The prescription drugs, administered by Col. Richard J. Tubb, the White House physician, can impair the President's mental faculties and decrease both his physical capabilities and his ability to respond to a crisis, administration aides admit privately.
"It's a double-edged sword," says one aide. "We can't have him flying off the handle at the slightest provocation but we also need a President who is alert mentally."
Tubb prescribed the anti-depressants after a clearly-upset Bush stormed off stage on July 8, refusing to answer reporters' questions about his relationship with indicted Enron executive Kenneth J. Lay.
"Keep those motherfuckers away from me," he screamed at an aide backstage. "If you can't, I'll find someone who can."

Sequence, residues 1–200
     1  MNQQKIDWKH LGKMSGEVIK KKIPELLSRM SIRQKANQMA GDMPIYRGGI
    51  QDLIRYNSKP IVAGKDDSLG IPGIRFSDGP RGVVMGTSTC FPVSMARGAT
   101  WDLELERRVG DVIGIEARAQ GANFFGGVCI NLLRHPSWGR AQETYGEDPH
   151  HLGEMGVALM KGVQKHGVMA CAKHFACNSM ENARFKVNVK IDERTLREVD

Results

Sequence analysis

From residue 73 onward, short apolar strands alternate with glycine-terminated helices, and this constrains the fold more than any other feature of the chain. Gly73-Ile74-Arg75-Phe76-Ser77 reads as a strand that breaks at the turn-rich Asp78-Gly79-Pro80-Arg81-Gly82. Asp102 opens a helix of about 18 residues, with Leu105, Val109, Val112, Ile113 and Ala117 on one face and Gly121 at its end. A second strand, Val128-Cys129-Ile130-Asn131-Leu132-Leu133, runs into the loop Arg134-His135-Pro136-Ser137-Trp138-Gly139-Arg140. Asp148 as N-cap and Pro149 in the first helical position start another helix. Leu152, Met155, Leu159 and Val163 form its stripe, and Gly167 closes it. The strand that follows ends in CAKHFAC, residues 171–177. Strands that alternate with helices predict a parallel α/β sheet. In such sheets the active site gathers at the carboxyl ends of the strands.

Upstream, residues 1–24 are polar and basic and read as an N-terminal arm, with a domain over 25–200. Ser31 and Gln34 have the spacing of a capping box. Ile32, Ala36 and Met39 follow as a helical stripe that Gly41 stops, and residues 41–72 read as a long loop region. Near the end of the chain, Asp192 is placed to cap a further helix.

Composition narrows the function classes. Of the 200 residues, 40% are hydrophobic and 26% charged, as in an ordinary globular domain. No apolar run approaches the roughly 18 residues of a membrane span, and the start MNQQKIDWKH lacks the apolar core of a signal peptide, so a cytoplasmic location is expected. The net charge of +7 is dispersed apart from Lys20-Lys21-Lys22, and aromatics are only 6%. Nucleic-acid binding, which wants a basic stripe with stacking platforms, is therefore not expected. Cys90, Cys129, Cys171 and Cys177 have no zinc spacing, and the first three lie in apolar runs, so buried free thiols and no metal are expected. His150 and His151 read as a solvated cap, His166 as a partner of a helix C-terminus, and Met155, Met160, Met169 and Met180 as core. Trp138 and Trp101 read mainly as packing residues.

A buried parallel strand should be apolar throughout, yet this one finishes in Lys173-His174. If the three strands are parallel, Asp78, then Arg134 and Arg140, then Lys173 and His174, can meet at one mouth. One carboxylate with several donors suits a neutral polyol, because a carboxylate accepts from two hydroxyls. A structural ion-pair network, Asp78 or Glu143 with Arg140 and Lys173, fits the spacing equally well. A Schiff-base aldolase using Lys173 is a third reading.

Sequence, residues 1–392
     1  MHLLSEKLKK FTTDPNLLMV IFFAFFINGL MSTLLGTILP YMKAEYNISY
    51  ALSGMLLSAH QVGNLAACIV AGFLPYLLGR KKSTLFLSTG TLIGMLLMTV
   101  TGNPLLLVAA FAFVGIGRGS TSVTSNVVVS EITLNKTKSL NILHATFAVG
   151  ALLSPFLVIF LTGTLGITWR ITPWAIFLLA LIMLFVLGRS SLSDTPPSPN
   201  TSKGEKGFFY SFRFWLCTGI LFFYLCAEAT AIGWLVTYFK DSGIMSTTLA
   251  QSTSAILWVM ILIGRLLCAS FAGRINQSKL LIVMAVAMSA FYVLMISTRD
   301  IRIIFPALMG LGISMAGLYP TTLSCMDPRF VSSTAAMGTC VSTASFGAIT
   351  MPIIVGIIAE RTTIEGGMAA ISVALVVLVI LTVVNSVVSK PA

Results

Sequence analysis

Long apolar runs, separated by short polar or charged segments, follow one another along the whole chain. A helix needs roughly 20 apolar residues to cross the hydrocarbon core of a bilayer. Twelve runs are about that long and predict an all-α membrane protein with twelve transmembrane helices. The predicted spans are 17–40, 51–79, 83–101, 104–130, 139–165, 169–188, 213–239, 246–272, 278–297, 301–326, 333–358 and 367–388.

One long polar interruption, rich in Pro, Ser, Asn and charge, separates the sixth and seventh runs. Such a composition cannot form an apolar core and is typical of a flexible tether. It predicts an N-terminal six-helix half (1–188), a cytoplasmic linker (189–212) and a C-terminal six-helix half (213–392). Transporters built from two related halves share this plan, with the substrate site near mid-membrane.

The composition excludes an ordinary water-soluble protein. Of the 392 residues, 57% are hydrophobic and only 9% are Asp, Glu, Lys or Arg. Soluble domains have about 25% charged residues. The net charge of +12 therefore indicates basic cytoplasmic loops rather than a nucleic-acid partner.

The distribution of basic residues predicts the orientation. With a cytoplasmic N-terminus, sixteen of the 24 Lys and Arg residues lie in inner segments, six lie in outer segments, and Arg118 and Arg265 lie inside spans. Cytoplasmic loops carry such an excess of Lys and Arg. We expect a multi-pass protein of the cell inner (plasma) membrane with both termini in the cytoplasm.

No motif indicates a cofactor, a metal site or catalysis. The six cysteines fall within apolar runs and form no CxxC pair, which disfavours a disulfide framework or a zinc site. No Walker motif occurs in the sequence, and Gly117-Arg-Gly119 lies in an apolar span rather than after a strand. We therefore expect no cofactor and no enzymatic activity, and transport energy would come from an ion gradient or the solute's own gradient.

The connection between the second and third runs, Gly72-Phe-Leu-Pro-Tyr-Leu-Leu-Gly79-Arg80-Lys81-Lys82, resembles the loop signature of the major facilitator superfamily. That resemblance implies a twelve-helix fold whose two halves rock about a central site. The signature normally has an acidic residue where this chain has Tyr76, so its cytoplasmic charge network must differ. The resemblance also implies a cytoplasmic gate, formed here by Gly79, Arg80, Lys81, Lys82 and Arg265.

Bush's mental stability has become the topic of Washington whispers in recent months. Capitol Hill Blue first reported on June 4 about increasing concern among White House aides over the President's wide mood swings and obscene outbursts.
Although GOP loyalists dismissed the reports an anti-Bush propaganda, the reports were later confirmed by prominent George Washington University psychiatrist Dr. Justin Frank in his book Bush on the Couch: Inside the Mind of the President. Dr. Frank diagnosed the President as a "paranoid megalomaniac" and "untreated alcoholic" whose "lifelong streak of sadism, ranging from childhood pranks (using firecrackers to explode frogs) to insulting journalists, gloating over state executions and pumping his hand gleefully before the bombing of Baghdad" showcase Bush's instabilities.